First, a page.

ArcadesPromenades

A Collection on Convolute H

In Arcades on May 5, 2010 at 8:38 am

“What is decisive in collecting is that the object is detached from all its original functions in order to enter into the closest conceivable relation to things of the same kind.  This relation is the dramatic opposite of any utility, and falls into the peculiar category of completeness.  What is this “completeness”?  It is a grand attempt to overcome the wholly irrational character of the object’s mere presence at hand through its integration into a new, expressly devised historical system:  the collection.  And for the true collector, every single thing in this system becomes an encyclopaedia of all knowledge of the epoch, the landscape, the industry, and the owner from which it comes.  It is the deepest enchantment of the collector to enclose the particular item within a magic circle, where, as a last shudder runs through it (the shudder of being acquired), it turns to stone.  Everything remembered, everything thought, everything conscious becomes socle, frame, pedestal, seal of his possessions.  It must not be assumed that the collector, in particular, would find anything strange in the topos hyperouranios – that place beyond the heavens which, for Plato, shelters the unchallenged archetypes of things.  He loses himself, assuredly.  But he has the strength to pull himself up again by nothing more than a straw; and from out of the sea of fog that envelops his senses rises the newly acquired piece, like an island. – Collecting is a form of practical memory, and of all the profane manifestations of “nearness” it is the most binding.  Thus, in a certain sense, the smallest act of political reflection makes for an epoch in the antiques business.  We construct here an alarm clock that rouses the kitsch of the previous century to “assembly”.”

Benjamin The Arcades Project Convolute H [H1a,2]

http://www.roughtheory.org/content/use-value-exchange-value-and-collection/

“The true method of making things present is to represent them in our space (not to represent ourselves in their space).  (The collector does just this, and so does the anecdote.) Thus represented, the thing allows no mediating construction from out of “large contexts”.  The same method applies, in essence to the consideration of the great things from the past – the cathedral of Chartres, the temple of Paestum – when, that is, a favourable prospect presents itself: the method of receiving the things into our space.  We don’t displace our being into theirs; they step into our life.”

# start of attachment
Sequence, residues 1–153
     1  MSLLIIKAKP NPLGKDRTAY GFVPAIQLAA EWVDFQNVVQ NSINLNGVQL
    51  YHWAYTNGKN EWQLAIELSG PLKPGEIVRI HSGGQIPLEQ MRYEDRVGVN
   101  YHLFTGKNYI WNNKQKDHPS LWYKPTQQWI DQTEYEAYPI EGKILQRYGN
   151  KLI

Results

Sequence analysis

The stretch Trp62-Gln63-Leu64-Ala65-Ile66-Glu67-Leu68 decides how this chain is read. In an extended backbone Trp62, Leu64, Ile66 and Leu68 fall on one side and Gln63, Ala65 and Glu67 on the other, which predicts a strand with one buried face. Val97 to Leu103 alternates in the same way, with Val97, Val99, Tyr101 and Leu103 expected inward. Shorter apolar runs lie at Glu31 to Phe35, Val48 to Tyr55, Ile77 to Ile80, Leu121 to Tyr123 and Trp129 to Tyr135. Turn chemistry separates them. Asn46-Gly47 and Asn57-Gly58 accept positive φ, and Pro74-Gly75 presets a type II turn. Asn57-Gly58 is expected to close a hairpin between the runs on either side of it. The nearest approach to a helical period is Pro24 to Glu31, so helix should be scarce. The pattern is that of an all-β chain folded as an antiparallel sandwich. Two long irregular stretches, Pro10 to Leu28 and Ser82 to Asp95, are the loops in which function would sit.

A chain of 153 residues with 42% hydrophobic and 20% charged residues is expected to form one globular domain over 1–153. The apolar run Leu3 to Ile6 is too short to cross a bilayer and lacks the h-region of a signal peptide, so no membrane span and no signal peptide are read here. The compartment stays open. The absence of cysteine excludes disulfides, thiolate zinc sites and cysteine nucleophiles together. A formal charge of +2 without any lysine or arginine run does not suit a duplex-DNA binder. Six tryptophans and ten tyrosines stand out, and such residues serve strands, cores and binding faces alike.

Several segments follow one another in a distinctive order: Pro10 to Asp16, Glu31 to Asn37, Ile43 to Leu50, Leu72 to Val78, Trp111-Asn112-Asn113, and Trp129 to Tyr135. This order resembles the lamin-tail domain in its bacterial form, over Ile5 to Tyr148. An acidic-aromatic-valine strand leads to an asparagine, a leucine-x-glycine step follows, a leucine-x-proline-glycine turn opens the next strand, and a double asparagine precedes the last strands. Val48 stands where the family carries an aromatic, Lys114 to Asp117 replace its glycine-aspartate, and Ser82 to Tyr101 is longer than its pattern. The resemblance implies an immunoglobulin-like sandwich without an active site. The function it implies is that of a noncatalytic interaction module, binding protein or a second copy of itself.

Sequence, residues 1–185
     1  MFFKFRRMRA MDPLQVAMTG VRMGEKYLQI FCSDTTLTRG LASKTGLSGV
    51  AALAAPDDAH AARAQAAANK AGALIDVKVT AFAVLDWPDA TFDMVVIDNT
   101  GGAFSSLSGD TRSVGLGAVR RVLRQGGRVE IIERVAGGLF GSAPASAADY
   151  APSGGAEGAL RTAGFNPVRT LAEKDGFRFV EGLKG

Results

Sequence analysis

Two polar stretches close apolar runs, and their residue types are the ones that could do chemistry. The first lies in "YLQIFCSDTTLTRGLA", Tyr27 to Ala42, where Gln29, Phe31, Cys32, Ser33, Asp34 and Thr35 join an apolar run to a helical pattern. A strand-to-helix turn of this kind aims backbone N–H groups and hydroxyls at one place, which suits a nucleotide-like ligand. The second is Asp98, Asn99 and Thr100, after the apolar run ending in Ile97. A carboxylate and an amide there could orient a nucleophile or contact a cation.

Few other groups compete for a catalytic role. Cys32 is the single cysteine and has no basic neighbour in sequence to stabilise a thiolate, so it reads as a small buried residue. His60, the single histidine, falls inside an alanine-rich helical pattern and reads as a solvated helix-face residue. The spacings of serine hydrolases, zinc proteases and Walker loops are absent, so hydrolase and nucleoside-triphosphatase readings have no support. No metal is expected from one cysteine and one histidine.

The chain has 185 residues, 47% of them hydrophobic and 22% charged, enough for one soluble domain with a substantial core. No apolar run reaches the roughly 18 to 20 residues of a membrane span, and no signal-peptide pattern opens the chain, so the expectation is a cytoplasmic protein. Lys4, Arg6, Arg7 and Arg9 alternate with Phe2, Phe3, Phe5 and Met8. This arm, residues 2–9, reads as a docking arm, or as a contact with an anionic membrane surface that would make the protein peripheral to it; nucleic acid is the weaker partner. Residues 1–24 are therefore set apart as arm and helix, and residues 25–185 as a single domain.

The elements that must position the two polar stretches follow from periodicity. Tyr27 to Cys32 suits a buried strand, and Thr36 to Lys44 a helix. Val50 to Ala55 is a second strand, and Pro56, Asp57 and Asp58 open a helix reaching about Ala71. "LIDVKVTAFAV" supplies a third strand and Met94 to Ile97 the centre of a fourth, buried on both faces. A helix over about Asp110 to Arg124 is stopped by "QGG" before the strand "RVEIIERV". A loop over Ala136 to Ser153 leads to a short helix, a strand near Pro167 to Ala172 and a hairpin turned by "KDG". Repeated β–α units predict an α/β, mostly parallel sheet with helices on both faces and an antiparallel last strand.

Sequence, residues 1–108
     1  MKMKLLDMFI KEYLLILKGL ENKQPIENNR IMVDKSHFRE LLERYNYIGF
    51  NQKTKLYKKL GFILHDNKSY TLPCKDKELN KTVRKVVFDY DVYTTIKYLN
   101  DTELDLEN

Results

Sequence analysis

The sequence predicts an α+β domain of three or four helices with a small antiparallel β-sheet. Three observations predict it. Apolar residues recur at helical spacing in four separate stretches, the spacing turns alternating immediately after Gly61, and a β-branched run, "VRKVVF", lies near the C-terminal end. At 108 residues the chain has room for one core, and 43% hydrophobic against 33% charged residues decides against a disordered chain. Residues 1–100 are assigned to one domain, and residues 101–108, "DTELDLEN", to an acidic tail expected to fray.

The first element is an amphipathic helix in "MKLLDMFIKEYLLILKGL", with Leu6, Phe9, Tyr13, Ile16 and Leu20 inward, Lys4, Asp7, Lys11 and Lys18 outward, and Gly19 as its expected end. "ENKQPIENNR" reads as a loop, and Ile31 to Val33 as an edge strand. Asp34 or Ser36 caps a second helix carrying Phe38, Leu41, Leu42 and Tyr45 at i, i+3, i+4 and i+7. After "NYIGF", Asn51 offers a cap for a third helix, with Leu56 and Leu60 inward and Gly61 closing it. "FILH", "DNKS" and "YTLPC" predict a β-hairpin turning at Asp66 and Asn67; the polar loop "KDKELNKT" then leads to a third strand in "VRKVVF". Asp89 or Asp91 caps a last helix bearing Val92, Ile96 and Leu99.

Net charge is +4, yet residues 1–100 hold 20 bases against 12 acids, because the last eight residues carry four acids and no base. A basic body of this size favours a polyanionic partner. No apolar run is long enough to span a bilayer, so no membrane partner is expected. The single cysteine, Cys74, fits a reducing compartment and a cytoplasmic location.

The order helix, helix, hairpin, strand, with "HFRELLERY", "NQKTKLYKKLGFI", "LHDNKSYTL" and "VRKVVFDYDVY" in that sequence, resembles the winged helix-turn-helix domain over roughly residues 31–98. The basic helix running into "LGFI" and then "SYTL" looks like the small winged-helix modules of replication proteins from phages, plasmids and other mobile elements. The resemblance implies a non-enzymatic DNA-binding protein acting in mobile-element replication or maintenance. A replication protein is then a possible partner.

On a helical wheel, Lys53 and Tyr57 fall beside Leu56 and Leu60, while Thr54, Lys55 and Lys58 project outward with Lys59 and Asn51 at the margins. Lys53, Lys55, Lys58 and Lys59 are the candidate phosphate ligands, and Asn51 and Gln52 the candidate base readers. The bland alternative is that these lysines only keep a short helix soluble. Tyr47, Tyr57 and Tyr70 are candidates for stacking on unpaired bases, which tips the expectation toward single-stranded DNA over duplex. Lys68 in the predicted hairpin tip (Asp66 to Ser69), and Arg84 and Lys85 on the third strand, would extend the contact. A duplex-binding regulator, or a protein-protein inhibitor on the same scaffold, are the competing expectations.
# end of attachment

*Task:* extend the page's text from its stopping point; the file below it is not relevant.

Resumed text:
Benjamin The Arcades Project Convolute H [H2,3]

“The language-game of reporting can be given such a turn that the report gives the person asking for it a piece of information about the one making the report, and not about its subject-matter. (Measuring in order to test the ruler.)” [cf LW I, 416; PI II, x, p. 190d-191a]

Wittgenstein Last writings on the philosophy of psychology Vol.2: The inner and the outer, MS169 p8e

http://www.452f.com/pdf/numero02/02_452f_misc_perez_indiv.pdf

“Works of art teach that person how their function outlives their creator and how his intentions are left behind. They demonstrate how the reception of the work by its contemporaries becomes a component of the effect which a work of art has upon us today. They further show that this effect does not rest in an encounter with the work of art alone but in an encounter with the history which has allowed the work to come down to our own age. “

Benjamin ‘Eduard Fuchs: Collector and Historian’, trans  Knut Tarnowski, New German Critique, No. 5 (Spring, 1975)

http://www.js-modcult.bham.ac.uk/articles/issue6_johnson.pdf

“Accually, inheritance is the soundest way of acquiring a collection. For a collector’s attitude toward his possessions stems from an owner’s feeling of responsibility toward his property. Thus it is, in the highest sense, the attitude of an heir, and the most distinguished trait of a collection will always be its transmissibility.”

Benjamin, ‘Unpacking My Library’, Illuminations, trans’ Harry Zohn & ed’ Hannah Arendt, Shocken Books NY 2008 p66

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